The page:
Biggest Movers On Wall Street

Biggest Movers On Wall Street


The major benchmarks in the United States slightly declined yesterday after a series of new recordings. Investors chew on the Federal Reserve’s interest rate decision. The prospect of approaching interest rate increases in America has curbed the risk appetite of US investors on Thursday. The US Federal Reserve (Fed) wants to squeeze its stock of debt worth 4.5 trillion dollars from October.

The leading Dow Jones index closed with the first loss in two weeks. It was 0.2 percent lower at 22,359.23 points. Strongest rise in the Dow was General Electric, with a gain of 1.8 percent. The banks Goldman Sachs and JPMorgan Chase benefited from the prospect of a further rising interest rate as a result of the Fed’s aid reduction. The wider S & P 500 dropped 0.3 percent to 2500.60 points. The NASDAQ Composite index fell 0.5 percent and closed at 6422.69 points.

The English football club Manchester United, which has a stock exchange listing in New York, grew well 2 percent more. The club benefited last season from higher television revenues. Also the win in the Europa League, which was settled in the final with Ajax, brought extra money in the end.

Apple stock dropped 1.7 percent. The reason behind this move was speculation about sluggish pre-orders for the new iPhone 8. In addition, reports of connection and battery problems in the new generation of Apple Watch caught the mood.

However, the shares of Advanced Micro Devices climbed by 2.4 percent. According to media reports, the chip maker broke its deal with the car maker Tesla over the development of a processor for driverless cars.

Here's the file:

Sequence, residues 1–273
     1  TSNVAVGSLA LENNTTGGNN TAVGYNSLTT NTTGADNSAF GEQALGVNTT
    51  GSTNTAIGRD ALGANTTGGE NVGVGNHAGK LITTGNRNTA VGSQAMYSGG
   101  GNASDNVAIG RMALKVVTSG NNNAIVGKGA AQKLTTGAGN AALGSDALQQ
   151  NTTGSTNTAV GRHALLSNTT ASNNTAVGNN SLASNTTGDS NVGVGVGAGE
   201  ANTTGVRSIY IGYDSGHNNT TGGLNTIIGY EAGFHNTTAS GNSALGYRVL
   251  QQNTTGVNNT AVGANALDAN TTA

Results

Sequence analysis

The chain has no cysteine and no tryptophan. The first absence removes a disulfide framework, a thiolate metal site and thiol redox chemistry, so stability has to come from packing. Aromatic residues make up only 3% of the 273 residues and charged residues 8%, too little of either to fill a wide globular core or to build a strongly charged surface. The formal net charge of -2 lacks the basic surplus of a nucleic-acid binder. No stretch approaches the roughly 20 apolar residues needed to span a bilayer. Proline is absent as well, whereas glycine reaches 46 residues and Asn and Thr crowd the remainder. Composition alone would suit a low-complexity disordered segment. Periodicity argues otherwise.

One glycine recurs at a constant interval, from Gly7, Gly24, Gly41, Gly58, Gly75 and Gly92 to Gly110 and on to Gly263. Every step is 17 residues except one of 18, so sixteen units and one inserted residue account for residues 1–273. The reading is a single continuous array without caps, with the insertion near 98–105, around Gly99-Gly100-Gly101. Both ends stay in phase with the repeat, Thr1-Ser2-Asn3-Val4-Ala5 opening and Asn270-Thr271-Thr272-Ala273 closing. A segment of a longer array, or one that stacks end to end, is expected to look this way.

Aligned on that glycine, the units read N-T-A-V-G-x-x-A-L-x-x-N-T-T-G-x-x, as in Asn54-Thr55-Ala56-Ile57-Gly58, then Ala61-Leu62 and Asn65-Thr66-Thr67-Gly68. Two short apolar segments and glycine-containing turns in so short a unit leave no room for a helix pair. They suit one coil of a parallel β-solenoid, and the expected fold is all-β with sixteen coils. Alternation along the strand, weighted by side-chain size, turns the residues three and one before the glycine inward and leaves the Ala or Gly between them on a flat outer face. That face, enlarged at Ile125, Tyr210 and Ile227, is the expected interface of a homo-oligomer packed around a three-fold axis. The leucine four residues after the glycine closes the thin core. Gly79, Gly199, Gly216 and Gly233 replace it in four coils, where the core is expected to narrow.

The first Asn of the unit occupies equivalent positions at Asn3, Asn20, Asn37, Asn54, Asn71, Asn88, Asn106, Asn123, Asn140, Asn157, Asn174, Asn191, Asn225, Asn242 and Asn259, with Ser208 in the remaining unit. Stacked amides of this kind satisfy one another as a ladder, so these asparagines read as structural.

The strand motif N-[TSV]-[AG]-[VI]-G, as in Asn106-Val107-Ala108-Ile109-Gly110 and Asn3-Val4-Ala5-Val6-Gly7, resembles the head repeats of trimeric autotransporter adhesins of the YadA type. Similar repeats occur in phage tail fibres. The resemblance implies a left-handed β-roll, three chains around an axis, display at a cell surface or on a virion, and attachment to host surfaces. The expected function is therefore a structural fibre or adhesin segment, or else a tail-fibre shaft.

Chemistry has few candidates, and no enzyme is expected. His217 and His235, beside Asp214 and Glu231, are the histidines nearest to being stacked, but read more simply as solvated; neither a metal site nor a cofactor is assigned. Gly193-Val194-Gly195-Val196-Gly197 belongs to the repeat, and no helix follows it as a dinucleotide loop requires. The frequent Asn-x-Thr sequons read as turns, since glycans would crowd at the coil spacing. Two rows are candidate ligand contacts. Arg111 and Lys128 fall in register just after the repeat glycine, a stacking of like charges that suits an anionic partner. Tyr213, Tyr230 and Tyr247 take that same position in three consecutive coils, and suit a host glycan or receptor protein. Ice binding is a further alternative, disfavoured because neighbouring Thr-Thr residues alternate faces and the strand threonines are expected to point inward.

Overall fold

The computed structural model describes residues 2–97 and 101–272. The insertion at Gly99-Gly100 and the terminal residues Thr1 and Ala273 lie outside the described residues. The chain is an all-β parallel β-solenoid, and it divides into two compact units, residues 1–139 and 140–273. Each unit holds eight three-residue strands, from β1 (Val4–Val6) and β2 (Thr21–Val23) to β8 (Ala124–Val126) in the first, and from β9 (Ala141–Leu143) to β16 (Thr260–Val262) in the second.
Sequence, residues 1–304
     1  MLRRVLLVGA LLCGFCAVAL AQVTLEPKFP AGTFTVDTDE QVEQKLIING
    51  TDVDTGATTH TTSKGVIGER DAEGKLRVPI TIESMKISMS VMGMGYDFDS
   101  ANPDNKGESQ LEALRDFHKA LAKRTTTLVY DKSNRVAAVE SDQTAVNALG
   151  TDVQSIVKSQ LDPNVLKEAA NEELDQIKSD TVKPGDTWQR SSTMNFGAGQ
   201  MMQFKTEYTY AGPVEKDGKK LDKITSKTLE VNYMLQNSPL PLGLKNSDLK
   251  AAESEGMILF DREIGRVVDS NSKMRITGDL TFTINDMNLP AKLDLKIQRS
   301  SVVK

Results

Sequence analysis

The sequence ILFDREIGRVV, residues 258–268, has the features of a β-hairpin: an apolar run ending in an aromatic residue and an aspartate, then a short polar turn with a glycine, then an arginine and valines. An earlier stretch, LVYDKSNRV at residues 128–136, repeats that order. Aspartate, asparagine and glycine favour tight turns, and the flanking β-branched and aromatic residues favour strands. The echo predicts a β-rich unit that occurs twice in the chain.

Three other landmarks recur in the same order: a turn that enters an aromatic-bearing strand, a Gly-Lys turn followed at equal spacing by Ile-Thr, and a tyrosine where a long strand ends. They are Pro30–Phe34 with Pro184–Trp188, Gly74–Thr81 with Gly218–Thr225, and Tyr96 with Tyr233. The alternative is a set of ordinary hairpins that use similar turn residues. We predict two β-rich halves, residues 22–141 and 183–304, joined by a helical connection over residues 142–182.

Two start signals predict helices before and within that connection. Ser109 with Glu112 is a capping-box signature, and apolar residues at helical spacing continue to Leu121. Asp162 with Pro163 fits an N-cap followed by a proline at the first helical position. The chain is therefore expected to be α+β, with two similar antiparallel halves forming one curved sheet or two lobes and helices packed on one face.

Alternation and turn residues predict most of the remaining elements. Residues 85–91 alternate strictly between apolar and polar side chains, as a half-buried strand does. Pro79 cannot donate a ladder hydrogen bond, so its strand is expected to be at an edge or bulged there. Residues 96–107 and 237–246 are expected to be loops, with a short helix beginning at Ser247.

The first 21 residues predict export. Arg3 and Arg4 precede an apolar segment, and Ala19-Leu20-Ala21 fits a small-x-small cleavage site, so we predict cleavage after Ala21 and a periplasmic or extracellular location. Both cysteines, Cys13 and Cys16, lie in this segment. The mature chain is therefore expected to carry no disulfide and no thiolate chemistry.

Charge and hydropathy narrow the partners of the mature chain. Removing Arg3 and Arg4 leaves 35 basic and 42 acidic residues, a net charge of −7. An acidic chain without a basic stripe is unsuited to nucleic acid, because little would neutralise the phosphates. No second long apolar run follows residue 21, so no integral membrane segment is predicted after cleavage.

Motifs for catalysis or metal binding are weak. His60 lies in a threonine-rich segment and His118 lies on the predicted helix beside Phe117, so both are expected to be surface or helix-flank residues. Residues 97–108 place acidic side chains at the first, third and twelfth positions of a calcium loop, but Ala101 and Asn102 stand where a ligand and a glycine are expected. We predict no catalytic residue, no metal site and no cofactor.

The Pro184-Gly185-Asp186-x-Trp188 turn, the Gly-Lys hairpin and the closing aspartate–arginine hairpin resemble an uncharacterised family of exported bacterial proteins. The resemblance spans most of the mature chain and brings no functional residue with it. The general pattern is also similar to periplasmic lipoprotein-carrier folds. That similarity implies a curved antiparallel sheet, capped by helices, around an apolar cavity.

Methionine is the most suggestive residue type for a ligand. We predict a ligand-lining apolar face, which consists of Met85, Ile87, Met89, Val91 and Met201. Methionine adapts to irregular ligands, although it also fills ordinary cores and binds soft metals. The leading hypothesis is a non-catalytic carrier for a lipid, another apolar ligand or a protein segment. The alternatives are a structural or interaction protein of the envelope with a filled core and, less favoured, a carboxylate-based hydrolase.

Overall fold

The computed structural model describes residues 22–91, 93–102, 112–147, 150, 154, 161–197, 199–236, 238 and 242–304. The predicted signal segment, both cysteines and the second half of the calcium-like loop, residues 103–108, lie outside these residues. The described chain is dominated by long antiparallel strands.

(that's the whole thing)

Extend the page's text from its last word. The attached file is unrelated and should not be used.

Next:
A billion-dollar takeover from Japan sent the titles of the chemical company Calgon Carbon to strong gains. They rose by more than 62 percent after Japanese chemical manufacturer Kuraray agreed to buy the Pittsburgh-based form for $1.1 billion in cash, or $21.50 a share. The deal is expected to be completed this year.

“Our quick thoughts are that Kuraray overpaid for shares,” Janney analysts wrote in a note. “Additionally, we see risk given that CCC has a specialty carbon business that supplies the U.S. military with gas masks and other personal protection items, so a foreign buyer could be an issue for U.S. government approval.”

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She is the Managing Editor for in-depth discussions and analysis as well as breaking news at Markets Morning. She works closely with Editor-in-Chief Zac Berry on content and publishing initiatives for the site. Brianna Clemons has worked as a financial journalist and editor since 1997. She lives in Bucks County, PA, with her husband, four young children and one dog.